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Homework Help: Problem in Classical Mechanics

  1. Jul 5, 2016 #1
    1. The problem statement, all variables and given/known data
    I am stuck over a classical mechanics problem. I tried to solve it, but after having solved the first point, I got stuck on the second one. Here is the problem:

    >A mechanical structure is composed by 4 rigid thin bars of length $\ell = 8\ m$, mass $m = 5\ kg$ each one. Those bars are connected each other at their extremities through frictionless hinges, such that the whole structure forms a vertical rhombus.
    The structure is hanged from the ceiling by means of the upper hinge.
    In the lower hinge, a mass $M = 30\ kg$ is hanged.
    Between the two horizontal hinges, a rectilinear spring (whose mass is negligible) acts with elastic constant $k = 40.5\ N/m$ and rest length $L = 9\ m$, such that the angle between the two superior bars is $\theta = 40^{\circ}$.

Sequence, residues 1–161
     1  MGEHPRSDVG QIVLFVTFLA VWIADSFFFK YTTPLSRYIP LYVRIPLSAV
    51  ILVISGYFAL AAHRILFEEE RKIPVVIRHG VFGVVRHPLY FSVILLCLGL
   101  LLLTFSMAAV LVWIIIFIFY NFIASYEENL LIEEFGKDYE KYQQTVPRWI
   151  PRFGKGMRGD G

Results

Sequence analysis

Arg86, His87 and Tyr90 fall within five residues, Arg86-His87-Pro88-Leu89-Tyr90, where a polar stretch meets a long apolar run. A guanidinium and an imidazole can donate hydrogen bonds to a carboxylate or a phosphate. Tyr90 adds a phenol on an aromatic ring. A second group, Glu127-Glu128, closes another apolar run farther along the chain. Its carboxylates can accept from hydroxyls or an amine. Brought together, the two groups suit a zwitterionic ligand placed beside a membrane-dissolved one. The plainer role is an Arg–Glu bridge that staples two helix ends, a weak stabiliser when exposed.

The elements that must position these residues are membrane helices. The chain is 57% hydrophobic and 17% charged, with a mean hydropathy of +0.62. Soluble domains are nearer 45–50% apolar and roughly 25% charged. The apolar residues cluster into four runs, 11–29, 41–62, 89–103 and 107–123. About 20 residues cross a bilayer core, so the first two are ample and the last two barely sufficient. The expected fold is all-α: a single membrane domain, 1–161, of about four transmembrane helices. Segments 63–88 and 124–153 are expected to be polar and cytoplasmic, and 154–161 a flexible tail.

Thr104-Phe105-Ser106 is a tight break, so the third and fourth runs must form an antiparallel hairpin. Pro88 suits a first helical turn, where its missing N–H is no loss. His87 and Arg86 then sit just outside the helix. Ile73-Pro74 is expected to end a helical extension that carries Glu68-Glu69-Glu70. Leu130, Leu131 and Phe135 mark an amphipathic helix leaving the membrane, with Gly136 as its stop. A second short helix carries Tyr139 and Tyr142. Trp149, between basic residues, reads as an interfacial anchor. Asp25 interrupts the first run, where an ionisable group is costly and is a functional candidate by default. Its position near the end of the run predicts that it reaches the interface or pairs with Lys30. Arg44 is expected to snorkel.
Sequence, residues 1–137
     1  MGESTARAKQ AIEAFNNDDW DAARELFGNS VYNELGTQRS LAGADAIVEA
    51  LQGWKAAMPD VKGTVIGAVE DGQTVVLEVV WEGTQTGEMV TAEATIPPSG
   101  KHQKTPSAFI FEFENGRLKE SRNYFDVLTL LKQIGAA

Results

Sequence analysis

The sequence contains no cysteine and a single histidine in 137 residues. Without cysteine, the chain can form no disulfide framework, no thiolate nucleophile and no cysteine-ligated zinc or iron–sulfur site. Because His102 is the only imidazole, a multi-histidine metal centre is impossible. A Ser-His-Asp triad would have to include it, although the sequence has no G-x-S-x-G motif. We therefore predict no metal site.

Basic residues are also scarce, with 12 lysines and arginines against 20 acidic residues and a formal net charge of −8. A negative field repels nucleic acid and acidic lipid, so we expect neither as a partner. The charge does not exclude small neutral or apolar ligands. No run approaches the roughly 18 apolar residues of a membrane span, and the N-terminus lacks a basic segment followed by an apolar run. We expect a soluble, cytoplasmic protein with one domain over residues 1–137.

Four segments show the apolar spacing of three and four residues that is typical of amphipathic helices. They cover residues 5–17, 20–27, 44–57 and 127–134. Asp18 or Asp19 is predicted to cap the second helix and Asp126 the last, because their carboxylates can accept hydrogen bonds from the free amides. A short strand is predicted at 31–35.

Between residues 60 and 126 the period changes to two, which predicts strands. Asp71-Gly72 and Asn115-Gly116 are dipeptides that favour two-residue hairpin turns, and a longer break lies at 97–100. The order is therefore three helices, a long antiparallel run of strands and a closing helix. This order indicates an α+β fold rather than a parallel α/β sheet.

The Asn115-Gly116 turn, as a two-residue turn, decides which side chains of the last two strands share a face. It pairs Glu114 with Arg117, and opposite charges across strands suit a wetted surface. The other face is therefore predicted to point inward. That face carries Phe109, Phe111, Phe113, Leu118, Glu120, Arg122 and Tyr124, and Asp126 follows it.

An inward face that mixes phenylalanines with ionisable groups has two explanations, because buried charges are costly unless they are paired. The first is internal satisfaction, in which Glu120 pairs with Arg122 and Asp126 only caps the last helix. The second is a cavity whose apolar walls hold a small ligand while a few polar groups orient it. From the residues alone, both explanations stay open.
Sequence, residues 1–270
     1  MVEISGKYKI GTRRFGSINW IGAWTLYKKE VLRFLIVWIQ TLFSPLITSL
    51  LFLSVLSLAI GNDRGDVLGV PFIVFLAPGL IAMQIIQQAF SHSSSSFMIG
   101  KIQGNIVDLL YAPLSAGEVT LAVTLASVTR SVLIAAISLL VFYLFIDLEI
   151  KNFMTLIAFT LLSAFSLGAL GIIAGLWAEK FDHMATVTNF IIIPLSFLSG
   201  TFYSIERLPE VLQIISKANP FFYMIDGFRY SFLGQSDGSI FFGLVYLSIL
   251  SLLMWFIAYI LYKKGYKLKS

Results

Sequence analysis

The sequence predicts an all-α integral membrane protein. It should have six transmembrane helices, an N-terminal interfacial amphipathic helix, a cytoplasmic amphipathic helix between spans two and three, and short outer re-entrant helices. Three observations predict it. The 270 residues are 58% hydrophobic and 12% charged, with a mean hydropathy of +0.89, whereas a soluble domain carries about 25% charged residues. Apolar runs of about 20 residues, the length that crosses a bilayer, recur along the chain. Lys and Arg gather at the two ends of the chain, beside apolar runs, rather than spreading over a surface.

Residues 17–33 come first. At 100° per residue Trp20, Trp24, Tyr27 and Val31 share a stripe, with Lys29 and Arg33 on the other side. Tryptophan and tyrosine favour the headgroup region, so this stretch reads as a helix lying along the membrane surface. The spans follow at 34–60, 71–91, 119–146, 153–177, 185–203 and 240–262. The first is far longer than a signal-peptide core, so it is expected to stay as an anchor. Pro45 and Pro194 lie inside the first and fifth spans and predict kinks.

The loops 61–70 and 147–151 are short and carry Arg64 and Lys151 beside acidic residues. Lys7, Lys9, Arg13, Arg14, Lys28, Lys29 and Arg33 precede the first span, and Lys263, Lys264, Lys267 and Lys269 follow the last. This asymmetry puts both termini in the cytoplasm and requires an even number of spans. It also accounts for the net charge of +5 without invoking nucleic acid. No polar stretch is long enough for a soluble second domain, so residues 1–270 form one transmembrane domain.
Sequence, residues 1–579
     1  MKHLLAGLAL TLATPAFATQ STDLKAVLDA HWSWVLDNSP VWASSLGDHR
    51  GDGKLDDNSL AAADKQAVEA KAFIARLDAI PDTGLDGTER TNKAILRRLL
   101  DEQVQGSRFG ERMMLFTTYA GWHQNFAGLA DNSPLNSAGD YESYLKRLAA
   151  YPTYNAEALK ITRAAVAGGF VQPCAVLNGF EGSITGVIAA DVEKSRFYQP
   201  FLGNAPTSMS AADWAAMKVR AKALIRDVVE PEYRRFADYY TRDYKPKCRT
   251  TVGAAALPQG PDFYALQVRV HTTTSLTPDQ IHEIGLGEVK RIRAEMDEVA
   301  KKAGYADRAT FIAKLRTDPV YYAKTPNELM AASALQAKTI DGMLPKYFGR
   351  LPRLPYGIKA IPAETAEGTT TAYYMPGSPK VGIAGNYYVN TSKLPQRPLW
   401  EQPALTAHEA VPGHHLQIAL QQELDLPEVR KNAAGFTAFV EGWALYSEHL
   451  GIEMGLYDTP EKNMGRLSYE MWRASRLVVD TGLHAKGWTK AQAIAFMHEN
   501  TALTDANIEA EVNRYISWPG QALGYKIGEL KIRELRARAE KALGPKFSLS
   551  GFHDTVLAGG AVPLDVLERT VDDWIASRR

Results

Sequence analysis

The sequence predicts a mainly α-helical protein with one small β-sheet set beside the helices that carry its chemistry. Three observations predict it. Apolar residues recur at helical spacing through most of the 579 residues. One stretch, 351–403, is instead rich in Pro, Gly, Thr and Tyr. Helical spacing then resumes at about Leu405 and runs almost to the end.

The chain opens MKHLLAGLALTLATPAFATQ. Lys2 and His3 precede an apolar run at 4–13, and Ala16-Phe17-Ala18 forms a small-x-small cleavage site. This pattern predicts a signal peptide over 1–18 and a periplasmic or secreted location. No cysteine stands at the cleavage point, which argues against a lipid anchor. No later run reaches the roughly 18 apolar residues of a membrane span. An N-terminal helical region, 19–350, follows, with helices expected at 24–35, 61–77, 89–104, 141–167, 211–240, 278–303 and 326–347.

>1) The Force the spring exerts over one of the hinges, and the total tension of the bars connected to the spring in that point;

    >2) What should be the elastic constant if $\theta$ remains the same, when the whole structure rotates with constant angular velocity $\omega = 2$ rad/s, around the vertical axis?

    >3) The moment of Inertia with respect to the rotation axis of the previous question, and the angular momentum when it rotates with a general $\omega$.

    Here is the figure


    For the first point, I calculated, though some trigonometry, the length of the spring in those conditions. Calling $l$ the semi length, I got

    $$l = \ell\sin\frac{\theta}{2} = 2.736\ m$$

    So the total length is $2l = 5.472\ m$. Now the elastic force is simply

    $$F_k = k\Delta l = k (L - 2l) = 142.88\ N$$

    And it's ok.

    For the second point of the first request I used

    $$T_{\text{tot}} = 2T\cos 70 ~~~~~~~ 2Tcos 70 - F_k = 0$$

    $$T = \frac{F_k}{2\cos 70} = 209\ N$$

    And it's ok.

    **Now I'm stuck over the second request**

    **Numerical results:**

    2) $$\Delta k = -15.5\ N/m$$

    3) $$I = 49.9\ kg\cdot m^2$$ and $$ L = 99.8\ kg\cdot m^2/s$$

    Any help?
  2. jcsd
  3. Jul 5, 2016 #2


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    Gold Member

    I have a concern with the problem statement.
    The set-up appears overspecified. There is enough information to calculate the angle between the bars, and it is somewhat unlikely that it will turn out to be exactly 40 degrees.

    For the second part, please post your working; can't tell where you are going wrong if you don't.
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